War of the Human Tanks is a very strange Japanese title, localized into English by Fruitbat Factory, a company that specializes in doing so.
Its gameplay is somewhat Advance Wars-like, though unlike that game, it's not turn-based; instead, each unit has a timer and becomes available to receive orders when the timer counts down. Units have different speeds, of course, but this increases the tenseness of play, as you often want to react quickly when a unit at a key position becomes available.
Your units are "human tanks," apparently something like replicants, since you build them; but they have anime personalities of their own, and all appear as little anime girls in uniform.
The amazing thing about Parameters is that it works. By "works," I don't mean that it runs, but that it's surprisingly engaging, given its minimalist approach.
It's a sort of RPG, with level-ups, attack, defense, and health stats, and a set of monsters to slay and missions to accomplish. But "missions" are small rectangles that gradually fill in as you click on them, spawning XP and money with each click; and "monsters" are other small rectangles, with each click being a round of combat, doing damage to the monster, you suffering damage in return. Until you have the stats to slay a monster, you'll eventually run out of health, and the monster will regen quicker than you can do damage to it.
Submitted by Tof Eklund on Wed, 03/23/2011 - 16:13.
This review is the third in my "series" on sex, romance, and relationships in games, and the first about what I would call a "sex game" (rather than a game with sexual themes). Erotical Night is completely unlike the romantic, character-driven Embric of Wulfhammer's Castle and the inscrutable and dark The Void except in one aspect -- all three games are highly unconventional.
Erotical Night is a "dojin" (informal or "amateur") JRPG about exorcising succubi by copulating with them. It is a deliberately silly game as well as being unintentionally funny at points, and that silliness helps it come across as hentai ("perverted") but in a cute way, like that old guy from Ranma 1/2. Erotical Night is one of a legion of sexually explicit dojin games (many featuring favorite characters from mainstream anime), but it is nearly unique in that it makes sex-as-gameplay actually interesting as a game. More...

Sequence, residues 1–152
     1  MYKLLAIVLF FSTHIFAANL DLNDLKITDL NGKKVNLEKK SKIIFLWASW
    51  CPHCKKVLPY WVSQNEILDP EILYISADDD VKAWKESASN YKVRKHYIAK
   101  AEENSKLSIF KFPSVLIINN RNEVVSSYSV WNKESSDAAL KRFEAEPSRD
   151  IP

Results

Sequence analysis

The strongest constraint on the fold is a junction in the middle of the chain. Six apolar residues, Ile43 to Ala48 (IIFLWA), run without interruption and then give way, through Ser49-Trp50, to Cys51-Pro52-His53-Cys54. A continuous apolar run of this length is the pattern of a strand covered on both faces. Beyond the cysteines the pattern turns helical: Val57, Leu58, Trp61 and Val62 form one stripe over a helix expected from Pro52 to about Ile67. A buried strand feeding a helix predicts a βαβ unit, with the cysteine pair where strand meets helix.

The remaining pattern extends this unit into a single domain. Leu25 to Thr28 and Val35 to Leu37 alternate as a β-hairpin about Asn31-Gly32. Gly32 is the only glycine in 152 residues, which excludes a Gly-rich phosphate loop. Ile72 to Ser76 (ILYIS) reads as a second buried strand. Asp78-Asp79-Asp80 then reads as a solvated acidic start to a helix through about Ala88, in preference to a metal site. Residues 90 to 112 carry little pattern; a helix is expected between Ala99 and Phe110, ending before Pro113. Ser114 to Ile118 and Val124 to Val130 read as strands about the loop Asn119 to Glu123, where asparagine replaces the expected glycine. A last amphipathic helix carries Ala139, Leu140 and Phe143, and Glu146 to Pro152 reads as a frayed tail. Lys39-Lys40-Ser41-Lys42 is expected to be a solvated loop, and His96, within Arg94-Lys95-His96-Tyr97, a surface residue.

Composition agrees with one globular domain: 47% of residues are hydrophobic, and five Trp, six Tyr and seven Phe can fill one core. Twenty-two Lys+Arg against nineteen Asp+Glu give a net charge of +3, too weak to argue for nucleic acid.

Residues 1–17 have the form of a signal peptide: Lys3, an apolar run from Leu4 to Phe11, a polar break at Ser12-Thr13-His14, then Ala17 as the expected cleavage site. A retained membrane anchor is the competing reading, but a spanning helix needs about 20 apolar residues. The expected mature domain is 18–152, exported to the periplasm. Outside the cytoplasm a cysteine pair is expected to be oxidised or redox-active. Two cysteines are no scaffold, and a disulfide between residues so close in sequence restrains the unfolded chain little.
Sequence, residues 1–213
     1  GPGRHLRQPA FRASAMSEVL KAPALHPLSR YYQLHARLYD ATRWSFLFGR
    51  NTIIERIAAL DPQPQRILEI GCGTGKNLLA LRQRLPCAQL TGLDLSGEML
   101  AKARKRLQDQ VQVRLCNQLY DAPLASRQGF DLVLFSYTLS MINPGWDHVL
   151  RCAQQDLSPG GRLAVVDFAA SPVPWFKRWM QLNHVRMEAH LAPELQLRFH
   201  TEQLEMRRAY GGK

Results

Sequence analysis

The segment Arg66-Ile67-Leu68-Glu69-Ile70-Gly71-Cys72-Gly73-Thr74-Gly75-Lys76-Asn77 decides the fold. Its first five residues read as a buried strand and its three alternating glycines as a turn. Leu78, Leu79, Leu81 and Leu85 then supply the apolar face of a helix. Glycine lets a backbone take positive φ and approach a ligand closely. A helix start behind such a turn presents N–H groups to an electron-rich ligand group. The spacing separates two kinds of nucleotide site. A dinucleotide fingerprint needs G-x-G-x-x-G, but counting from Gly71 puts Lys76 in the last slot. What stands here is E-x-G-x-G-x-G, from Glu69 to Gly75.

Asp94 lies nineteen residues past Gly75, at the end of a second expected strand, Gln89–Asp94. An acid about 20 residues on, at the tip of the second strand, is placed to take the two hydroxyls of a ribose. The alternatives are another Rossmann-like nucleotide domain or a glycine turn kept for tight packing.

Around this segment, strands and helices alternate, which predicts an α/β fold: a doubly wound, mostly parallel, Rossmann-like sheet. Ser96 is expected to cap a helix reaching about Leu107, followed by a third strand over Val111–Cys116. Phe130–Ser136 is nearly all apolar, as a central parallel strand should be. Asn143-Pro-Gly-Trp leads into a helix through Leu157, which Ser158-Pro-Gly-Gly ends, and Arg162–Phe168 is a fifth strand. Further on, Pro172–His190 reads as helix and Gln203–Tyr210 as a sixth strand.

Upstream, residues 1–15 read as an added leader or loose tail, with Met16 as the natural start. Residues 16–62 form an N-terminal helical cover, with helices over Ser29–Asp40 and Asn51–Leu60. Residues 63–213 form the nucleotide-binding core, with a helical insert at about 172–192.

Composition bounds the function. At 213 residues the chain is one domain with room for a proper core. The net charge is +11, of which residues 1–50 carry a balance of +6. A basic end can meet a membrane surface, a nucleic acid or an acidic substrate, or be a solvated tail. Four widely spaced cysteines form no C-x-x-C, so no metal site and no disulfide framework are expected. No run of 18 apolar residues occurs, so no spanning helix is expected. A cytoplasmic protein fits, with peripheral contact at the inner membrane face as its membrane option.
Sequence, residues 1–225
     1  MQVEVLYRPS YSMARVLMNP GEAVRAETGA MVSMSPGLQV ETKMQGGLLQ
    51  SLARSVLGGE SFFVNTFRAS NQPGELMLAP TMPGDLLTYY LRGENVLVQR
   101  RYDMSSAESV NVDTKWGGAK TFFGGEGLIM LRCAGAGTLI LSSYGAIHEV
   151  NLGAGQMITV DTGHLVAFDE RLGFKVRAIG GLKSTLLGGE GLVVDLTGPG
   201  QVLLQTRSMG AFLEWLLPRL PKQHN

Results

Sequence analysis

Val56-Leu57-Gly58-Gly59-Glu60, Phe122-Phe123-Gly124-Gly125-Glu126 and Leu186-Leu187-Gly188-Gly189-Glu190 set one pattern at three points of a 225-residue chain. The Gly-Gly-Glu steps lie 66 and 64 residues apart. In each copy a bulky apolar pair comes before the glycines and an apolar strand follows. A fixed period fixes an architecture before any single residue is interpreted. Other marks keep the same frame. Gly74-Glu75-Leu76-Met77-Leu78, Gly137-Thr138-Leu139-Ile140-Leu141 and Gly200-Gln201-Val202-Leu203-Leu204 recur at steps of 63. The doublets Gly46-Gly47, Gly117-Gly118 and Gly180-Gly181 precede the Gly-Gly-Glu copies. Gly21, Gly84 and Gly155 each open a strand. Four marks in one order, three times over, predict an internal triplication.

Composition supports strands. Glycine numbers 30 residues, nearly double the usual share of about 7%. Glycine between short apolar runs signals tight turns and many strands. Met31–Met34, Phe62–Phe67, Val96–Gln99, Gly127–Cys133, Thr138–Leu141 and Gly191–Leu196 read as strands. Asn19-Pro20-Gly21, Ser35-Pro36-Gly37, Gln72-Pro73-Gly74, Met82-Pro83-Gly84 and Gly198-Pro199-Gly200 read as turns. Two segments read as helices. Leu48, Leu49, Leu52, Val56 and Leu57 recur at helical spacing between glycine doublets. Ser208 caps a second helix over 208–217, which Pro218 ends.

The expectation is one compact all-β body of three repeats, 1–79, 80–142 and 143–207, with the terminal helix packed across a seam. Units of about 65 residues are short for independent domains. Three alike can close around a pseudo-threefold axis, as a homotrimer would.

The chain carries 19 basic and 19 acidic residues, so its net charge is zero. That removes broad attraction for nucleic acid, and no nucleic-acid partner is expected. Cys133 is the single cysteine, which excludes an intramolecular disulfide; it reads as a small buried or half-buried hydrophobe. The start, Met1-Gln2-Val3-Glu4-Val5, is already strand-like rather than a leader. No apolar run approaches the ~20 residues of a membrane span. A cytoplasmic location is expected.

Submitted by IanSchreiber on Wed, 11/24/2010 - 23:12.
This game was clearly made for those of us who fondly remember the SNES-era CRPGs of the early 90s; the graphics, music and even controls are meant to recreate that aesthetic. The hook for this game is that you don't play an adventurer; rather, you play the merchant in the shop that all the adventurers buy from, and you level up by making sales moreso than whacking enemies.
This game has a surprising amount of depth to it, but it weans you in slowly. At the start, you simply buy goods at wholesale and sell them to customers; as you level up you earn the ability to buy items from your customers at a bargain, redecorate and expand your shop, and so on. There's a whole town to explore where you can meet adventurers, and you can even hire them to go dungeon-diving for you in the hopes that they'll bring back something valuable. In the latter case, you want that adventurer well-equipped, which may mean (for example) selling equipment to them at a loss for your shop. Oh, and at the end of each week, you have to pay an increasing amount of money to the loan officer that got you the item shop in the first place, so you tend to be watching your cash flow moreso than your hit points.
Like any game, this one isn't perfect. No matter how it's dressed up, your main action is still haggling with customers over how much an item will cost, which can get a bit "grindy" at times. There is also a rather excessive amount of text to page through in the early parts of the game as the mechanics are explained to you (thankfully, it is skippable). Still, the game has a definite retro charm to it, and how many games do you know where a hero story is told from the OTHER side of a shop counter?